Monthly Archives: February 2013

why food matters

Why Food Matters
By Amanda Sheppard
As a young girl growing up in rural North
Grand Pre, I spent my days running through
corn fields and chasing after chickens. I
picked apples from our orchard, and spent
hours excitedly looking at all of the
vegetables that sprouted up from the
gardens. Food was a celebration for our
family. My mother cooked elaborate meals
everyday. Roast chicken with mashed
potatoes and gravy, home made chocolate
cake and fresh fruit pies…I spent my time
in the kitchen with her, carefully chopping
apples, kneading dough and rolling out pie
crust with my own tiny rolling pin.
Cookbooks were my favourite picture
books. When I learned to read, I poured
through them like novels. I still have the
tattered yellow scribbler that contained my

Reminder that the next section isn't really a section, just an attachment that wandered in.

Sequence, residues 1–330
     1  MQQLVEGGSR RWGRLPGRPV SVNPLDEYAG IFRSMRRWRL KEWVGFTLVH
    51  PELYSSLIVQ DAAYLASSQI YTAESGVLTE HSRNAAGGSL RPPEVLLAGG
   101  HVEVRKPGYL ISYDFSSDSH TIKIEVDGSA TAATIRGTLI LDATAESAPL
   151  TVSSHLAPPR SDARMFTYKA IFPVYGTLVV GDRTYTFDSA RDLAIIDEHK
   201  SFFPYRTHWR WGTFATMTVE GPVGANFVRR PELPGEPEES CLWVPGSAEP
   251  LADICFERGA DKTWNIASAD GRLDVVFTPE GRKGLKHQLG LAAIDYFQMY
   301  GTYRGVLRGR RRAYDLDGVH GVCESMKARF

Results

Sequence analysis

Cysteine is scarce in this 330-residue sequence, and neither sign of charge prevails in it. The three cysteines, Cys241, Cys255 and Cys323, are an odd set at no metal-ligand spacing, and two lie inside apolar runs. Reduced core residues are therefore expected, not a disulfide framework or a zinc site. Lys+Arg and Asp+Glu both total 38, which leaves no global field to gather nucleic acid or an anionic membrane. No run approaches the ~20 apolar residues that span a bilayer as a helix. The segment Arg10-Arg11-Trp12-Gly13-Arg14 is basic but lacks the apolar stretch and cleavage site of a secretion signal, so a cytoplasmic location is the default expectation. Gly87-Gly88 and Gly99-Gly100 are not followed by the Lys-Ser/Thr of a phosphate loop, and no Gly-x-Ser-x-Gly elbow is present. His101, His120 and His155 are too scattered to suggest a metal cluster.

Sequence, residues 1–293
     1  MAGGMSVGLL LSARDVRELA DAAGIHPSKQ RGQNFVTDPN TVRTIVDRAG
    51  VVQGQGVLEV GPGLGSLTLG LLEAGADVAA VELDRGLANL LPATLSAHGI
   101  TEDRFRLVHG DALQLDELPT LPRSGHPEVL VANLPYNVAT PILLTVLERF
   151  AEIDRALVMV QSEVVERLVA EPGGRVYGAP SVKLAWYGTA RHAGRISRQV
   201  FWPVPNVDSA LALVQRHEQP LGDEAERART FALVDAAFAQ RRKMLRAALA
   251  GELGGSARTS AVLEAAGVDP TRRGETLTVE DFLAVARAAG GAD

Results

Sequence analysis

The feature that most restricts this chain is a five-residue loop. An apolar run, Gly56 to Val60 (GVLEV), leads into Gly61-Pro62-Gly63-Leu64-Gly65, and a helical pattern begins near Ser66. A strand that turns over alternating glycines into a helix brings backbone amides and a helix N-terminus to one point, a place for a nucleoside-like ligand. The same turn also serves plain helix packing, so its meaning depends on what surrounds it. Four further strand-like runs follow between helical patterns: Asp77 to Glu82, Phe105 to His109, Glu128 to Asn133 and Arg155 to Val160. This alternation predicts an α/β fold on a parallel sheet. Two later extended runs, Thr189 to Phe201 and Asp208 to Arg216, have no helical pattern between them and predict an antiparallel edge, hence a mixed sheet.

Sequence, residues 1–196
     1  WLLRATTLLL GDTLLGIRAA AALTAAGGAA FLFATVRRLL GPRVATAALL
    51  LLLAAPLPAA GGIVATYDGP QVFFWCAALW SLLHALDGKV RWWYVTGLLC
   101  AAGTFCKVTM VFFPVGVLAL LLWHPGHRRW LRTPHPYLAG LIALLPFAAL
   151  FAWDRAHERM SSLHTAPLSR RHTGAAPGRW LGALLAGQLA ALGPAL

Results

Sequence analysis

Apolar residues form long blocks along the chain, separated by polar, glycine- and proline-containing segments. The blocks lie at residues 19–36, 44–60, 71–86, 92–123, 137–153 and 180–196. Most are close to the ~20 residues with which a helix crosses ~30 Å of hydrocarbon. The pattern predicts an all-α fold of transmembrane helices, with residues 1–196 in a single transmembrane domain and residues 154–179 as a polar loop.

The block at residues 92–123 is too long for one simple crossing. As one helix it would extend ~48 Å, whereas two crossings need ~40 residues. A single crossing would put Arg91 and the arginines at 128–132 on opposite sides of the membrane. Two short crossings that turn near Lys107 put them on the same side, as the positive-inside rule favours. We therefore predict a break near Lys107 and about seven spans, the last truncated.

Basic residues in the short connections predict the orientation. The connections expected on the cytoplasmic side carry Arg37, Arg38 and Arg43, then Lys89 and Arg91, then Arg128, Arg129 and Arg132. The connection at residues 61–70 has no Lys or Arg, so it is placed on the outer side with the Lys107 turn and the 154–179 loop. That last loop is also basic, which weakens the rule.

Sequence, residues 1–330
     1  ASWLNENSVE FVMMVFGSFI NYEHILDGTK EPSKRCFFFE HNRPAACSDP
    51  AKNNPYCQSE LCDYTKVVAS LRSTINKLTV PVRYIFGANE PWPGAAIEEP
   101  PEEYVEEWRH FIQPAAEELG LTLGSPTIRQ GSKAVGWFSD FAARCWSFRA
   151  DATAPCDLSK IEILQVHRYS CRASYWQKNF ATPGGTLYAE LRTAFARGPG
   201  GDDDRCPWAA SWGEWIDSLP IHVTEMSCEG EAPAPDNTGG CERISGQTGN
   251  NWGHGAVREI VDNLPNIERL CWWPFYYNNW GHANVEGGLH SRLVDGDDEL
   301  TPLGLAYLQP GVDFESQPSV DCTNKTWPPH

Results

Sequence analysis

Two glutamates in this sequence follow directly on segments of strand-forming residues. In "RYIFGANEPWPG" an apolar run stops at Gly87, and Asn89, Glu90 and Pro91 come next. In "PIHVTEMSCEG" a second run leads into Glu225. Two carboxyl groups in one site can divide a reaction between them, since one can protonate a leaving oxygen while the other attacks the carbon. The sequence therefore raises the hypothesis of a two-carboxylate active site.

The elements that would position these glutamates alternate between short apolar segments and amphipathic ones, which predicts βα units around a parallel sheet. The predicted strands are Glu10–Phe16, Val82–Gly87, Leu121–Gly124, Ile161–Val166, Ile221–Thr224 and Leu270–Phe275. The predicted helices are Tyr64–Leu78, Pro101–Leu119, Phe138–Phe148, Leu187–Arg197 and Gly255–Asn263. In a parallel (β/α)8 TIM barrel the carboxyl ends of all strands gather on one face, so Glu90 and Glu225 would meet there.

grandmother’s neatly penciled recipes:
things like maritime brown bread and old
fashioned boiled icing. I still use her recipes
I remember being excited everyday to open
up my lunch box and see what my mother
had made for me. Egg salad, fresh banana
bread and granola bars that we made
together. It was different in the outside
world, though. I can remember kids at
school making fun of my lunch, and I would
tearfully throw it away. I wanted fruit rollups and mini pizzas like them. I soon
became embarrassed of my home made
lunches. I began to resent our way of life.
I can still remember the first time we
slaughtered our chickens and my mother
cooked a big batch of chicken stew. I threw
my fork down and screamed. “I’m not
eating my friends! I can see their feathers in
here!” I dramatically ran to my bedroom
and slammed the door. I’d grown quite
attached to the chickens, checking their
nests for eggs, and naming each one of
them. I didn’t understand. I declared myself
a vegetarian for a short while, but I couldn’t
bear to watch the rest of the family eating
chicken and biscuits without me. I caved. I
would later become a vegetarian as a teen,
but could only convince myself that I liked
soy wieners for so long. Needless to say, it